The topic this year was “Slavic Discoveries: Early Music from Eastern Europe.”
To be honest, the music itself was not one of my all-time favorites of MEMF, although it had many beautiful moments.
What proved most impressive to my ears and eyes was the incredible variety that the various performers managed to instill into a concert that otherwise could have been pretty monotonous.
But this concert was anything but monotonous. The performances were well-rehearsed and quite polished.
There was, as usual, a lot of vocal music by some of the biggest orchestral and choral forces I recall seeing.
And the forces used the entire hall, even putting brass at the top of the back balcony at one point.
Plus, early music expert and retired UW-Madison professor Medieval history John W. Barker served as the narrator in an engaging piece about the slain Polish trumpeter whose battle call is still played today in Krakow in his honor.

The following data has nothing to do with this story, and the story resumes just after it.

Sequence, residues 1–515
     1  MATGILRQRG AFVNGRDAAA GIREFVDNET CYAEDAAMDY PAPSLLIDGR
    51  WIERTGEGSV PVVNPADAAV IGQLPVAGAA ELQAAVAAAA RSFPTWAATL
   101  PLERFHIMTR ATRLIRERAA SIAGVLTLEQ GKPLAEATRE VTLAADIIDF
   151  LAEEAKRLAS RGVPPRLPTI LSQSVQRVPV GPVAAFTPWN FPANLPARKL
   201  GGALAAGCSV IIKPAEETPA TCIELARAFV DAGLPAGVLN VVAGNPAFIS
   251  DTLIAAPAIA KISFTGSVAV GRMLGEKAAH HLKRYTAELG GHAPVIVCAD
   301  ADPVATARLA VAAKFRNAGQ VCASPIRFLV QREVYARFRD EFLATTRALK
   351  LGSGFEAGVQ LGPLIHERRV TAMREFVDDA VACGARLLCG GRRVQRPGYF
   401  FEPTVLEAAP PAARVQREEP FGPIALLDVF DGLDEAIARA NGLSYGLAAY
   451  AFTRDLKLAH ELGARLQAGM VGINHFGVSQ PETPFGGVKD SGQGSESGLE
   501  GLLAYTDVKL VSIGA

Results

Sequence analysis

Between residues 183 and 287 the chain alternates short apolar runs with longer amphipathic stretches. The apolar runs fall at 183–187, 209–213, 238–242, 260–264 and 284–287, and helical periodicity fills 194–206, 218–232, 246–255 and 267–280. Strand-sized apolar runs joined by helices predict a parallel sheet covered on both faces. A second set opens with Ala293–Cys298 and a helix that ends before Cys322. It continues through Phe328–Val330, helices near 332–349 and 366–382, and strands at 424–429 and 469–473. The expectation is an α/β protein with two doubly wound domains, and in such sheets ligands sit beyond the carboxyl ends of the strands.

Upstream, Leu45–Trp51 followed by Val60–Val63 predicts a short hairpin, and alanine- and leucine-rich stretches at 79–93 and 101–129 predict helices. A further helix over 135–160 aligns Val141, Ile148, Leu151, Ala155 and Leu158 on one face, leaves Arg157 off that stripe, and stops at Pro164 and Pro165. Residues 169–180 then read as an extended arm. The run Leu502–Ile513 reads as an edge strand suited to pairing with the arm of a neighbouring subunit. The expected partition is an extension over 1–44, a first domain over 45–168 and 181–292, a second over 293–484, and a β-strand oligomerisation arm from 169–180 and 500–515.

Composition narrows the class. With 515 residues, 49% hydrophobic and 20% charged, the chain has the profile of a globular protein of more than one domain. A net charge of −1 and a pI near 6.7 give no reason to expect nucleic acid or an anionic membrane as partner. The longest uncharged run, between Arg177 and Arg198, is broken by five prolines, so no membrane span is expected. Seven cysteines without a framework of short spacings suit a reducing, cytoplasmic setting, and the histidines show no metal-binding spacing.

The singers sang in large groups and small groups — solo, duets (below) and quartets — and all permutations performed superbly. The voices were strong and clear, and the diction always seemed excellent.
Conducting duties – split between guest main conductor Kristina Boerger (below top) and assistant conductor Jerry Hui (below bottom) – were exemplary.
It can be easy to lose a sense of balance and control with such large forces. But the range of dynamics from soft to loud, from slow to fast, never felt awkward or wrong. Not here. The blending and flow were superb.
So The Ear offers a hearty Thank You! to all the participants of this year’s Madison Early Music Festival who made this final concert so satisfying.
And to listeners, I say: If you can only make one concert during the Madison Early Music Festival each summer, the All-Festival Concert is a good bet — and a great place to start if early music is new to you.
Judging from this latest installment, you won’t be disappointed.
And you just might catch The Bug!